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  1. #1
    Join Date
    Apr 2002
    Posts
    1,383
    About 95% of my work these days is repairing gas fireplaces, and the remaining 5% gas furnaces.

    I've found that while there are lots of people installing gas fireplaces, relatively few people are interested in repairing them. Often, the fireplace shops that offer service do so only on equipment they sell, leaving a lot of people out of luck.

    So I've been working myself into specializing in gas fireplace repair over the past several years.

    I used to work for a gas utility doing repairs on gas equipment, but I left them three years ago in favor of devoting my time to my own repair service. This has proven to be an excellent decision.


    I'd be interested in whether other service techs are specializing in gas fireplace repairs, or doing such repairs occasionally among other work.



  2. #2
    Join Date
    Jan 2002
    Posts
    245
    We get atleast 2 to3 fireplace calls a day rough on the knees & back but its $

  3. #3
    Join Date
    Nov 2002
    Location
    Lisle,Illinois
    Posts
    526
    I have received certification from both Majestic and HeatnGlow.I agree the market is there for fireplace specialists.An unfortunate aspect of the Chicagoland market is that in general fireplace services do not command the same profitability per hour on average as hvac.

  4. #4
    Join Date
    Sep 2000
    Location
    Granite City IL USA
    Posts
    765
    I am just now starting to offer the service. I do need to find more info on the subject.

  5. #5
    Join Date
    Jan 2002
    Posts
    245
    We work em in when time allows and charge a ridiculous amount. But they are considered a luxury at least in my book course I ain't got no book.

  6. #6
    Join Date
    Apr 2002
    Posts
    1,383
    ONE of the reasons I think HVAC techs don't like working on fireplaces is that we often aren't comfortable doing what can be a dirty job on someone's living room carpet.


    I've solved that problem by carrying polyester blankets purchased from thrift shops for use as a drop cloth. I generally wash these in a regular washing machine after each use.

    When working on gas log sets or gas fireplaces that are sooty, I find the key is to use a shop vax to vacuum off the soot before removing the log from the fireplace. This pretty much eliminates any bits of soot blowing around or getting on carpets. The logs are then set on my dropcloth/blanket ---so 1) the logs are cleaned before being removed and 2) that aren't moved very far at all.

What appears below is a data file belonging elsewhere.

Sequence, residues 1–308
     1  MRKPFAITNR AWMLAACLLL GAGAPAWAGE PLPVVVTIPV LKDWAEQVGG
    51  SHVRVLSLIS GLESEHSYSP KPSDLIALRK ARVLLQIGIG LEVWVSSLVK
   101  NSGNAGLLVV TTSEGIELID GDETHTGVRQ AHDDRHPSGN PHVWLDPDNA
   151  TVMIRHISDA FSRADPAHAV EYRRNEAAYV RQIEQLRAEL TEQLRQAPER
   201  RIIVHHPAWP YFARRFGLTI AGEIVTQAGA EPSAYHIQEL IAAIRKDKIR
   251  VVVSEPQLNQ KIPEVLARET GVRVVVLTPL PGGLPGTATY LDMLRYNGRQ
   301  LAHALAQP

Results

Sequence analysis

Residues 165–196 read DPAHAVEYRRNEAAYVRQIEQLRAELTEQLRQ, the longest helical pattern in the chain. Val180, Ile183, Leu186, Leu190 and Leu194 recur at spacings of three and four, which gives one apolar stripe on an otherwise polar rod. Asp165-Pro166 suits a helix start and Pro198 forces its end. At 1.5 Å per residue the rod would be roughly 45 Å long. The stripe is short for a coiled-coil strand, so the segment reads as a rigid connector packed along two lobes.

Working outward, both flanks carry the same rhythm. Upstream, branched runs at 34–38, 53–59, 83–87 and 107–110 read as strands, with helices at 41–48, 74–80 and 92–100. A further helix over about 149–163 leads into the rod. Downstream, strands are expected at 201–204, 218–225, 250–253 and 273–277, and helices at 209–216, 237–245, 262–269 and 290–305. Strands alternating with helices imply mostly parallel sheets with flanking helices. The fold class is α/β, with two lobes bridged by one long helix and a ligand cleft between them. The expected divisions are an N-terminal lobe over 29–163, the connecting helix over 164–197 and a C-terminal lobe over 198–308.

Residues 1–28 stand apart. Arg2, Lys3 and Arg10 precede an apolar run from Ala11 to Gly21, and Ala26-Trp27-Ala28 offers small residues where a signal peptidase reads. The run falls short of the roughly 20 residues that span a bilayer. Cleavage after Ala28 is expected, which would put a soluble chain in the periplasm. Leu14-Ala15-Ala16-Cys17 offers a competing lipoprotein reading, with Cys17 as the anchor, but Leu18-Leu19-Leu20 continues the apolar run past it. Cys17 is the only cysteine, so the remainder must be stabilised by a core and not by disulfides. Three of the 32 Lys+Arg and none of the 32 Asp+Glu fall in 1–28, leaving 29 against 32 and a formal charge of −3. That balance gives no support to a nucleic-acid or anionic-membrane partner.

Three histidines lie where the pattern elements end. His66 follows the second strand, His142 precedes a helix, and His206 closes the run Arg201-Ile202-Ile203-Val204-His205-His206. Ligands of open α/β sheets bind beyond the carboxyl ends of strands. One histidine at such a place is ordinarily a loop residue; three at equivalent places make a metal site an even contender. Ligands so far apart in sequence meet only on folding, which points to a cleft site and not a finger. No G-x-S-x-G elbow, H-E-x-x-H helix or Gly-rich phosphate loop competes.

7. #7
    Join Date
    Apr 2002
    Posts
    1,383
    <<We work em in when time allows and charge a ridiculous amount. >>


    Well, Marc --- I don't generally consider large amounts of money to be ridiculous, so I figure you are charging $10/hour for doing repairs. Please correct me if I'm wrong.


    My basic rate is $85 for an hour or less, and I prorate that to the nearest minute after the first hour.

    Since my customer agree to that pretty eagerly, I'm probably not charging enough!

  8. #8
    Join Date
    Jan 2002
    Posts
    245
    ridiculous to me but I don't have gas logs. $10 an hr. Ha

  9. #9
    Join Date
    Apr 2002
    Posts
    1,383
    Anyone else willing to own up to being a fireplace tech?

  10. #10
    Join Date
    Mar 2003
    Posts
    293
    No, but I'd consider it. Plans to move to colorado could be helped by some excellent fireplace knowledge.

  11. #11
    Join Date
    Apr 2002
    Posts
    1,383
    <<No, but I'd consider it. Plans to move to colorado could be helped by some excellent fireplace knowledge.
    >>


    Actually, I think that would be a good specialty for a young HVAC tech to cultivate. A lot of people find it difficult to find good repair service, and you can make good money at it.

    It's also not all that complicated for the most part. You need to develope good skills at diagnosing milivolt control systems. Combustion problems can be tricky sometimes.

    The biggest barrier for new tech is probably figuring out how to take the freaking things apart! The second biggest barrier is the threat of doing what can be a dirty job on people's expensive living room carpets. I use blankets for drop cloths these days, and find they work well.

    I would suppose that most repair shops get a fair number of calls to repair fireplaces, which are usually refused because no one is prepared to do the work. The tech who can do that work is making his own job.



    Seattle Pioneer

  12. #12
    Join Date
    Feb 2003
    Posts
    20
    Seattle

    How'd you get yourself "specialized"? Self-taught or did you hit the books? Did you pick up manuals from the various manufactures for reference? What would you recommend? I'm thinking that this could be a good addition to my brother's HVAC company.

    Thanks for any info.

    Bob

  13. #13
    Join Date
    Nov 2001
    Location
    Seattle, WA
    Posts
    7,745
    Seattle
    Since we are in the same area, send my your contact number or address or something and, if you want more business I may be able to refer some to you.
    "The American Republic will endure until the day Congress discovers it can bribe the public with the public's own money.
    - Alexis de Toqueville, 1835

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